Norway, New Zealand, Chile… Which destination should you choose?
When people talk about fjords, the first country that springs to mind is Norway. Although these geological formations are particularly common there, they also crimp the edges of plenty of other countries including New Zealand, Chile, Canada, Alaska and Iceland. But which destination should you choose if you want to visit fjords?
In the north, the prize goes to… Norway:
It has more than a thousand of the most impressive fjords in the world. Sognefjord, which stretches 204 km inland from the ocean, features extremely steep-sided valleys, creating otherworldly landscapes where the mountain seems to fall into the water. Nærøyfjord boasts bluish water, green pine forests and, in the distance, you catch a glimpse of snow-capped peaks. The contrast is so striking that it almost feels like you’re looking at a mirage. And yet, it isn’t a hallucination but rather the work of nature. The list of spectacular landscapes in Norway could go on and on: Lysefjord, Geirangerfjord, Hardangerfjord, Trollfjord, Hjørundfjord…
Choose Norway if you:
- Want to be blown away by fjords. There is a reason why the word “fjord” comes from Norwegian: the country is unbeatable when it comes to quantity (and it’s not a question of quantity over quality either!).
- Feel like exploring picturesque villages, discovering Nordic culture and visiting bustling modern towns.
- Would like a European getaway between April and September to discover one of the happiest countries in the world!
In the south, it’s full steam ahead for Chile and New Zealand
They boast some of the most magnificent landscapes the hemisphere has to offer, shaped by successive ice ages.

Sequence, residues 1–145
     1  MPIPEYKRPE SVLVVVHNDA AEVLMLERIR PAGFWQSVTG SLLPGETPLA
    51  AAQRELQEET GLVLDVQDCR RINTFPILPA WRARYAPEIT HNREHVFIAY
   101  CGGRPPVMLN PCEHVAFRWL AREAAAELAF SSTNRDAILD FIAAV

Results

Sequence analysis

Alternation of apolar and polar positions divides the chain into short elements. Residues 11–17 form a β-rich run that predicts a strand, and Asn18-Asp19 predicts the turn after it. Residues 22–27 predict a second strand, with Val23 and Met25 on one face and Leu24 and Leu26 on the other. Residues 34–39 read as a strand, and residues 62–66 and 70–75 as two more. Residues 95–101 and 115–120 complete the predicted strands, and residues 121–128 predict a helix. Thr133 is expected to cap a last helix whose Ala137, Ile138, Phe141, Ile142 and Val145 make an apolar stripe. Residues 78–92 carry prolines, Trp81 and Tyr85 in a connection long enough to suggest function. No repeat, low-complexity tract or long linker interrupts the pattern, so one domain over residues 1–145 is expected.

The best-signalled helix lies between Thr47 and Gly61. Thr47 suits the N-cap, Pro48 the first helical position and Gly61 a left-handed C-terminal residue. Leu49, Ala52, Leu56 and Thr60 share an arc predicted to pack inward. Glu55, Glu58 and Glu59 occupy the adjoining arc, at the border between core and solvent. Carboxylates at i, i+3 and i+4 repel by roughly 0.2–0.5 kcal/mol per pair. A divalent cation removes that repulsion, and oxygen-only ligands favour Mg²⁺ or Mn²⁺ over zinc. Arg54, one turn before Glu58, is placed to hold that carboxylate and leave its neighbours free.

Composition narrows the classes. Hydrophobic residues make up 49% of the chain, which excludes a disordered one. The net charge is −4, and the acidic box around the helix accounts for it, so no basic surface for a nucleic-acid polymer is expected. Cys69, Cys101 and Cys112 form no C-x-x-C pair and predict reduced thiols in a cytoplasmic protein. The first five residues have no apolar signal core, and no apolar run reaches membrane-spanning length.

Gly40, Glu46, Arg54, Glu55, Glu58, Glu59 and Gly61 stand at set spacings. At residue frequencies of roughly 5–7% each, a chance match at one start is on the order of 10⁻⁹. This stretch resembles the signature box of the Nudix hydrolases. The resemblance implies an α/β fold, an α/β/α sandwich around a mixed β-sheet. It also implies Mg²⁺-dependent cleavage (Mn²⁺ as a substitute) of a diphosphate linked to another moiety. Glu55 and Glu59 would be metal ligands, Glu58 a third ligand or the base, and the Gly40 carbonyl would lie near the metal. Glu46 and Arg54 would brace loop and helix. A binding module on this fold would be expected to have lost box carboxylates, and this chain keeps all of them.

The fjords of New Zealand are listed as a UNESCO World Heritage site. Doubtful Sound, also known as Sound of Silence, has astoundingly diverse flora and fauna. Its tranquillity offers a sharp contrast with that of another spectacular fjord in the South Island: Milford Sound. Rudyard Kipling called it the “eighth wonder of the world”. After heavy rain, hundreds of temporary waterfalls appear, adding to the two majestic waterfalls that flow into it all year round. The surrounding vegetation is particularly lush. Dusky Sound is also worth marvelling over with primitive forests, waterfalls, sheer cliffs and shimmering lakes that rival each other in beauty.
In Chile, the jagged coasts of Patagonia are home to a whole host of fjords. This region has the third largest ice cap in the world after Antarctica and Greenland. Prepare to explore archipelagos and channels and discover fjords sprinkled with thousand-year-old glaciers such as Garibaldi and Pio XI. A hike through the lush Magellanic sub-polar forests and the national parks than run alongside the Chilean fjords is the perfect way to enjoy this area of unspoilt nature. The contrast between the green of the vegetation and the white of the snow-capped peaks of the Andes Mountains is particularly striking.
Choose the southern hemisphere if you:
- Want to go away during European winter and have at least one week of holiday.
- Fancy combining a trip to the fjords with other discoveries, on both land and sea. The landscapes in New Zealand are breath-taking, and fans of The Lord of the Rings will have the opportunity to explore the film’s natural settings. In Chile, you can explore the desert, get a close look at volcanoes and perhaps even reach the “end of the earth” at Cape Horn. You’ll experience a complete change of scenery!
North or south? Whichever you choose, mind-blowing landscapes await! So use your other travel criteria, including the duration, time of year and other activities you want to enjoy during your trip, to help you decide between the two hemispheres.